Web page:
"This tense wire of a novel thrums with suspense. . . . [this book] just might be the highlight of your summer.”–The New York Times Cheryl Strayed's Wild meets The Revenant in this heart-pounding story of survival and revenge in the unforgiving wilderness. After: Jess is alone. Her cabin has burned to the ground. She knows if she doesn’t act fast, the cold will kill her before she has time to worry about food. But she is still alive—for now. Before: Jess hadn’t seen her survivalist, off-the-grid dad in over a decade. But after a car crash killed her mother and left her injured, she was forced to move to his cabin in the remote Canadian wilderness. Just as Jess was beginning to get to know him, a secret from his past paid them a visit, leaving her father dead and Jess stranded. After: With only her father’s dog for company, Jess must forage and hunt for food, build shelter, and keep herself warm. Some days it feels like the wild is out to destroy her, but she’s stronger than she ever imagined. Jess will survive. She has to. She knows who killed her father…and she wants revenge.
i am still alive
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This is a dramatic story of one man's determination to survive, to heal, and to overcome. Your whole life can change in a moment.For Jimi, that change came from cancer diagnosis when he was only 15. During his treatment, he contracted a staph infection that doctors thought, he would kill him. And it did. But against all medical odds, he lived. His story isn't just one of survival but how to truly live, how to be brave when you're scared and to continue on when you are stuck. In this unique reminiscing story, which is part cancer survival and a travel memoir, wrapped around a kayak journey across an Arizona desert lake.
Civil War studies normally focus on military battles, campaigns, generals and politicians, with the common Confederate soldiers and Southern civilians receiving only token mention. Using personal accounts from more than two hundred forty soldiers, farmers, clerks, nurses, sailors, farm girls, merchants, surgeons, chaplains and wives, author Jeff Toalson has created a compilation that is remarkable in its simplicity and stunning in its scope. These soldiers and civilians wrote remarkable letters and kept astonishing diaries and journals. They discuss disease, slavery, inflation, religion, desertion, blockade running, and their never-ending hope that the war would end before their loved ones died. A major portion of these documents were unpublished and were made available by the Brewer Library of the United Daughters of the Confederacy. With this, his third significant contribution to Civil War literature, Jeff Toalson joins the select company of Thomas W. Cutrer and Bell I. Wiley as historians who have devoted their body of work to preserving the voices of common Confederate soldiers and civilians.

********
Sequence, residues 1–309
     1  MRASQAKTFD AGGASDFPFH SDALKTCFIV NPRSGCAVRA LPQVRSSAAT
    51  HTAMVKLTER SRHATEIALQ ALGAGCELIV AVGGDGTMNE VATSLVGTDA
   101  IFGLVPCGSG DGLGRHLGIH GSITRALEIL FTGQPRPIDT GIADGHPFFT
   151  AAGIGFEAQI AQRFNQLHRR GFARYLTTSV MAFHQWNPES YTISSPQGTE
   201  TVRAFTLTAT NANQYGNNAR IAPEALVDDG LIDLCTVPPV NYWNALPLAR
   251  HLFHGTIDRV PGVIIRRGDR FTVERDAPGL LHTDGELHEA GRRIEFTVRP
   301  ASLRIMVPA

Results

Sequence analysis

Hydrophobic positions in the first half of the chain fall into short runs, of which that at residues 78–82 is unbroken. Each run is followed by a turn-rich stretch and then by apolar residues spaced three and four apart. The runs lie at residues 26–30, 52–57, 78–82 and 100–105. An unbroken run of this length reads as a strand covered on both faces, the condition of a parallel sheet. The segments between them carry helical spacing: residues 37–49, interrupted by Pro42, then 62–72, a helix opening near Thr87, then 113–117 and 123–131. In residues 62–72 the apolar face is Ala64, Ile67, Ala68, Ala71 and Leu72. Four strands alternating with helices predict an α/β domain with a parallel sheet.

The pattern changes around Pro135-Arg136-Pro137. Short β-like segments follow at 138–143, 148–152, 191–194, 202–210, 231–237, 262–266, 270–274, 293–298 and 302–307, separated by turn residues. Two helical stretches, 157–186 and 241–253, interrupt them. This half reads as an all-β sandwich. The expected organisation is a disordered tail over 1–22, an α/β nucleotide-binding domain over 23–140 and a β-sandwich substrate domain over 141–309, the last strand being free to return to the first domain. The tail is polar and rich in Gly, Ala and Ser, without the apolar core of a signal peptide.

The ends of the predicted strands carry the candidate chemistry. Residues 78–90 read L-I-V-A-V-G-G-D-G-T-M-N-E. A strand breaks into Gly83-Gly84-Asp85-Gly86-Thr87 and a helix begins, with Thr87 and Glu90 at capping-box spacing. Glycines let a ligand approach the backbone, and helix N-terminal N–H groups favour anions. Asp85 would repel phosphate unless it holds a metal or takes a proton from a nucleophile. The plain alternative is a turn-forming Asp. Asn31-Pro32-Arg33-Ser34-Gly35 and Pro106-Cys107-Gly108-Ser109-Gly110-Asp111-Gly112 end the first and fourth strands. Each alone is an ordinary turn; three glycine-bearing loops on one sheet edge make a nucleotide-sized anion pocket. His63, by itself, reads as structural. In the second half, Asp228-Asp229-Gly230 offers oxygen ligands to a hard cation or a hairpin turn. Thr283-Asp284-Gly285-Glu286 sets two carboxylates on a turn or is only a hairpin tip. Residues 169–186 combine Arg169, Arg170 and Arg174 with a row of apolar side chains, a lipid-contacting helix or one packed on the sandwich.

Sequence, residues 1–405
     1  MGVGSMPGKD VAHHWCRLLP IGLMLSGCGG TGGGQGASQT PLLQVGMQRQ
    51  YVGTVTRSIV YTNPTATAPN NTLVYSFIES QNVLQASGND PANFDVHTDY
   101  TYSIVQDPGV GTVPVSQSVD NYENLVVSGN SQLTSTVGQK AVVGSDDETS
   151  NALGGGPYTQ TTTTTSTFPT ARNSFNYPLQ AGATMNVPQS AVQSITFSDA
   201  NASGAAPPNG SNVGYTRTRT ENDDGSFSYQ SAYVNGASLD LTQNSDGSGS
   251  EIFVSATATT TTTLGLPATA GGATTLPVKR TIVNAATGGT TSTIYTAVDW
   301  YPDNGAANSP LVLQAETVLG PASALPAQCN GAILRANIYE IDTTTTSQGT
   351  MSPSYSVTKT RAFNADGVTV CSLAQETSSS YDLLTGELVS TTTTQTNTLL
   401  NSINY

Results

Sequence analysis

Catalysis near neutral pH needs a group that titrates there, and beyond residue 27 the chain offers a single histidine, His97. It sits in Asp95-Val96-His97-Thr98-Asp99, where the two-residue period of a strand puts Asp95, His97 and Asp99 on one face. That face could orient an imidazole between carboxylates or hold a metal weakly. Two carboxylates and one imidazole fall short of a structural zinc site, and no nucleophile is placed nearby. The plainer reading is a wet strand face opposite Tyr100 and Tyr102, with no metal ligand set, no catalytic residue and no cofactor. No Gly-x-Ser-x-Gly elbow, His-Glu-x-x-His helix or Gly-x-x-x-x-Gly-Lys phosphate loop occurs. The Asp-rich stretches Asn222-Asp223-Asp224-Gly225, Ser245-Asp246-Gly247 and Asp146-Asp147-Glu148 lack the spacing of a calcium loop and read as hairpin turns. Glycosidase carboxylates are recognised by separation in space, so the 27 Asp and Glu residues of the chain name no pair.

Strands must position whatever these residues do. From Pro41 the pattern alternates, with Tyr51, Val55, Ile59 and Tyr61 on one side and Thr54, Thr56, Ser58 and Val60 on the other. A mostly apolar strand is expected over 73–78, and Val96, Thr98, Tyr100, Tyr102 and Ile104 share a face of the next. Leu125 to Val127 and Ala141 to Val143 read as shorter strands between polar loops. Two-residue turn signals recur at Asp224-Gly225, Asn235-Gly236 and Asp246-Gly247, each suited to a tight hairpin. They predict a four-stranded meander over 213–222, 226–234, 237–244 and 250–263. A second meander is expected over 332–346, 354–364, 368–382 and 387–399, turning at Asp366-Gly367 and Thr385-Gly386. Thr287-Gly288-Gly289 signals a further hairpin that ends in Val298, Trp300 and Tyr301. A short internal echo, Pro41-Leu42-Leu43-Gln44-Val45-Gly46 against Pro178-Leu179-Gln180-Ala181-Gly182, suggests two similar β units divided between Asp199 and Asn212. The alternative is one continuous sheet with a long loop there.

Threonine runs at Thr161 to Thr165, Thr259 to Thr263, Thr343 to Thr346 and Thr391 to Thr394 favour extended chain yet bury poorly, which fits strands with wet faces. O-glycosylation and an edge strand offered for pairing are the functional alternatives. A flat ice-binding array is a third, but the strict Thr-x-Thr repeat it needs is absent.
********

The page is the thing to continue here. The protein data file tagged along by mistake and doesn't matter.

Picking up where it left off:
Mary lives in a nursing home. People come and go; they talk to her - or at her. Some stir memories, but these are of the past and rarely help Mary with her visitors in the present. For Mary lives in her present and every day is a new beginning, slate wiped clean, nothing remembered. But her existence is far from barren - she hears everything.
I’m quite certain that before you fi nish this book, you will not like me. I do not fl atter myself for I have discovered looking back on my life, I made many poor decisions. Nevertheless, I’ve been told by many is that war veterans, addicts and those who face deadly disease and those who have lost all hope can benefi t from what I’ve learned. You, my friends, like I continue striving to do, can persevere even when it seems the road before you leads to nothingness.
Now in paperback, the acclaimed Holocaust memoir declared "a book of breathtaking honesty and extraordinary insight."--LA Times